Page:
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Why McDonald's In France Doesn't Feel Like Fast Food

A McDonald's breakfast meal in Villeurbanne, France includes fresh baguettes and jam spreads with coffee for $4.55.
Juste Philippe
Maxppp /Landov
A McDonald's breakfast meal in Villeurbanne, France includes fresh baguettes and jam spreads with coffee for $4.55.

Greetings from McDonald's, or "MacDo," as they call it here in Paris, where I am comfortably ensconced in a McCafé enjoying a croissant and a grand crème coffee. I'm surrounded by people of all ages who are talking with friends, reading, or typing away on their laptops like me.

The beauty of McDonald's in France is that it doesn't feel like a fast food joint, where hordes of people shuffle in and out and tables turn at a fast clip.

McDonalds is the world's largest food chain. It operates in 123 countries around the world, and just this week the company said it plans to open another 1,300 restaurants in 2012.

Naturally, the U.S. is its no. 1 market, but guess who is no. 2? You got it: France. A paper out this month by three graduates of the University of Pennsylvania's Wharton School of Business says McDonald's is such a success in the land of Michelin three-star restaurants because it has adapted to French eating habits and tastes. There are now 1,200 franchises in France; the company opened 30 restaurants per year in the past five years alone.

Even in these harried times, the French spend more than two hours a day at the table. Sitting down to a meal is a cornerstone of French culture, and McDonald's seems to get that. French McDonald's are spacious, tastefully decorated restaurants that encourage people to take their time while eating. And the cozy McCafe's with their plush chairs and sofas have become an extension to many restaurants.

I remember there used to be a few Burger Kings in Paris, but McDonald's closest competitor went belly up years ago. The Wharton study says it's because they tried to transplant the total American dining experience to France, without taking into consideration French preferences.

McDonald's, meanwhile, offers all kinds of Frenchified dishes, from the Alpine burger with three different kinds of cheese to tasty little gallette des rois, or King's Cakes, popular after Christmas and sold by all the bakeries. Last year, it introduced the McBaguette.

Another reason McDonald's works so well here is that the food is locally sourced and very high quality. As we all know, France is the land of haute cuisine. But it's also the land of good cuisine. The French appreciate quality in any category, even fast food. Restaurateurs in France know they'll go bust if they offer substandard products. I've had friends from India tell me that the Indian restaurants in Paris are among the world's best.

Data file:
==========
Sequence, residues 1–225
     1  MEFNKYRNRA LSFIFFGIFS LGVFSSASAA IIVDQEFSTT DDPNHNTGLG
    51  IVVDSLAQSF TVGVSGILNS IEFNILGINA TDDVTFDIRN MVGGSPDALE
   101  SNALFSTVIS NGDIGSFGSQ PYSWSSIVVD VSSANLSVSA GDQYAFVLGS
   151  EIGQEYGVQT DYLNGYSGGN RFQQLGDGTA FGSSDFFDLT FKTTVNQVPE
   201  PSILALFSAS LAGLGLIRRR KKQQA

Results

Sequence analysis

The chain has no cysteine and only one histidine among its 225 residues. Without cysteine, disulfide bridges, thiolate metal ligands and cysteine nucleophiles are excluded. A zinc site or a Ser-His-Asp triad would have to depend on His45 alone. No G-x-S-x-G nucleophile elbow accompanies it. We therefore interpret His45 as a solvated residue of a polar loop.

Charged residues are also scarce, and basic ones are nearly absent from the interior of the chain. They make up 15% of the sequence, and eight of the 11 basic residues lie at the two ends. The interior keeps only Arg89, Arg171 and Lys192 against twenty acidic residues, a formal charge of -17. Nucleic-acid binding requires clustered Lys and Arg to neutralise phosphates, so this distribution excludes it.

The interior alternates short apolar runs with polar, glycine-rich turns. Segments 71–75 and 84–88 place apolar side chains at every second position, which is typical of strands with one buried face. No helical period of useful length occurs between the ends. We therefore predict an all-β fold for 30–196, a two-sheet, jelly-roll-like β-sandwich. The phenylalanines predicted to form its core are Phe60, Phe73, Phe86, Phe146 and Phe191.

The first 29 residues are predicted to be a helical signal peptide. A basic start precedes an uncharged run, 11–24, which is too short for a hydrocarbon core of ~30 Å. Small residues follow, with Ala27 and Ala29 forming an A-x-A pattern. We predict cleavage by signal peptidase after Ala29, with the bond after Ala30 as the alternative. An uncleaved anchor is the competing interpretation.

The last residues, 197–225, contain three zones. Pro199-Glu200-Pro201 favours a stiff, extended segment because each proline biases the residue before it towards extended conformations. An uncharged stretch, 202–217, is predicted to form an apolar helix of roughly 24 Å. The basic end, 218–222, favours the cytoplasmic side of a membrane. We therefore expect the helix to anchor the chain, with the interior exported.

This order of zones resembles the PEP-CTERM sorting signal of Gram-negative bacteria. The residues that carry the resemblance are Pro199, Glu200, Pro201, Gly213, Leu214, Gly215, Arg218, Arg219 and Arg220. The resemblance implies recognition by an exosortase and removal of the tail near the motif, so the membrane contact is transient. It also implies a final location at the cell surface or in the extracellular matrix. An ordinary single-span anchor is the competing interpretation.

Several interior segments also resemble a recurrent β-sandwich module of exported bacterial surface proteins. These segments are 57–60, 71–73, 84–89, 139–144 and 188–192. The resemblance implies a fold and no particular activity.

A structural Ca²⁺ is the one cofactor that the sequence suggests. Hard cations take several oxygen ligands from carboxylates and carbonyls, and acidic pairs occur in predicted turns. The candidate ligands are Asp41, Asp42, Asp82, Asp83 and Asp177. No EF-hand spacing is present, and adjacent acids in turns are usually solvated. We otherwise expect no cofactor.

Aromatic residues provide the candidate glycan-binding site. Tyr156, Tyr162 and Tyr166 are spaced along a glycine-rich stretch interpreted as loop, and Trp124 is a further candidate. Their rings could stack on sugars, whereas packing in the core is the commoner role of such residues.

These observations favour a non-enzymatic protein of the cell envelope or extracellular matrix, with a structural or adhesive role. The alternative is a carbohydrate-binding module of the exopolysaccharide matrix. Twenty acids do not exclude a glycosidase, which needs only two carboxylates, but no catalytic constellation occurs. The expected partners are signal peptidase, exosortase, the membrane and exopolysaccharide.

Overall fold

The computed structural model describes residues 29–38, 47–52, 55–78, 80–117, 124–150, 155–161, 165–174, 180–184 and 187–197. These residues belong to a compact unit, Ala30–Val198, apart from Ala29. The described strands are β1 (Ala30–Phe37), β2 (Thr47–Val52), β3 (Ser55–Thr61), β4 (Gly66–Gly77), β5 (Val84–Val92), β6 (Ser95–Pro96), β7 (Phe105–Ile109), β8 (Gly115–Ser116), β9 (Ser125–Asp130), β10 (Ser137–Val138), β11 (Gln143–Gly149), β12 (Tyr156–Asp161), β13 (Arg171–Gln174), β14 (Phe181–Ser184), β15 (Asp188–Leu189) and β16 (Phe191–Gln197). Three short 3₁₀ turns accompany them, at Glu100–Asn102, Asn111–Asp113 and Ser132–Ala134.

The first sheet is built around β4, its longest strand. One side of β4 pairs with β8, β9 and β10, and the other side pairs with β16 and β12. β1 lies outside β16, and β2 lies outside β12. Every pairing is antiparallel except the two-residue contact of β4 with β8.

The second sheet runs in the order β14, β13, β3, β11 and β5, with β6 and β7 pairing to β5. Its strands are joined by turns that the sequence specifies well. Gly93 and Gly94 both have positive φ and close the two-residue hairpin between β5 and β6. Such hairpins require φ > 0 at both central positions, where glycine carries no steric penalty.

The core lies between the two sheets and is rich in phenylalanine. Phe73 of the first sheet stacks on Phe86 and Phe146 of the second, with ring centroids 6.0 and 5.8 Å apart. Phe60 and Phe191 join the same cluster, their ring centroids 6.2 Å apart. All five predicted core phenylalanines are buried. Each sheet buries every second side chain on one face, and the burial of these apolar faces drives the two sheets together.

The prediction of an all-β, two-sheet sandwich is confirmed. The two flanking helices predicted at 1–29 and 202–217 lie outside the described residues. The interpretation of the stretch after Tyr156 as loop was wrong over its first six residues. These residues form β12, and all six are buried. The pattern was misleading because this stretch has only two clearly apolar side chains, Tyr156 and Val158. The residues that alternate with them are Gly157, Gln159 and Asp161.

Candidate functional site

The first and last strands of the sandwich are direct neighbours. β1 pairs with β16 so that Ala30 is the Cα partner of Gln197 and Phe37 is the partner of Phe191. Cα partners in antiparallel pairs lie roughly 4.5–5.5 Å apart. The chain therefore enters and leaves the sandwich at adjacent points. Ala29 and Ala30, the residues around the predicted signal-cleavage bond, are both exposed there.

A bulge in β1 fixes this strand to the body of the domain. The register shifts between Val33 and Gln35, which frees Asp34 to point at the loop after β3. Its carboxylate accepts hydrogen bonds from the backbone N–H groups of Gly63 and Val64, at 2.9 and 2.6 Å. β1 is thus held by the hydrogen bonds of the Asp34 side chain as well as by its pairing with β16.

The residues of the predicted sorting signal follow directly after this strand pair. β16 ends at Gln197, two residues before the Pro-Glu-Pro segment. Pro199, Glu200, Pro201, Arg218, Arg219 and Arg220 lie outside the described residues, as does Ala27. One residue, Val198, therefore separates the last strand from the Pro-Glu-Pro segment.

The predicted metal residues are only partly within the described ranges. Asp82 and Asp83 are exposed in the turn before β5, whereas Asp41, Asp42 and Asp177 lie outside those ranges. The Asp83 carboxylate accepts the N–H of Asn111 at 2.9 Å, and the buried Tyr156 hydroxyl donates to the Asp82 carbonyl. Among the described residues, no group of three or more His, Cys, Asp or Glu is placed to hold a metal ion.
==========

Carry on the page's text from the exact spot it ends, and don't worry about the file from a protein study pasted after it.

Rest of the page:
And if you like good meat (who doesn't?!), then McDonald's France is clearly superior. In the U.S., McDonald's says its cattle are mostly corn-fed. While the company doesn't address on its site whether growth hormones and growth-promoting antibiotics are added to the animal feed consumed by the animals it buys, it's a reasonable assumption that they are.

French cattle are all grass fed, which many argue makes them tastier. Growth hormones are illegal here and each animal has a passport showing where it was born, raised, and slaughtered, according to McDonald's France. That's called traceability, and we don't yet have such a national system in place.

As for chicken nugget lovers, French chickens, unlike some of their American counterparts, are not rinsed in chlorine to disinfect them. The regular use of chlorine in the U.S. chicken industry is why poulet americain has long been interdit in the European Union.

Of course you can still find French people who dislike McDonald's because it represents American hegemony in a globalized world and the homogenization of food and culture. French anti-globalization activist Jose Bove actually served prison time a couple years back for sacking a McDonald's restaurant in southern France. For a friend of mine who lives in Burgundy — pretty much the French heartland — MacDo is the symbol of malbouffe, or bad food and bad eating — a major slur here. He says he'd never take his two young sons to eat chezRonald.

But this McDonald's in Paris' 15 th arrondissement is brimming with parents who've brought their kids in for lunch. There's a good dose of teenagers too. Like teenyboppers back home, French adolescents, or ados,love to hang out at MacDo — they just gather in the café instead of the parking lot.

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Eleanor Beardsley began reporting from France for NPR in 2004 as a freelance journalist, following all aspects of French society, politics, economics, culture and gastronomy. Since then, she has steadily worked her way to becoming an integral part of the NPR Europe reporting team.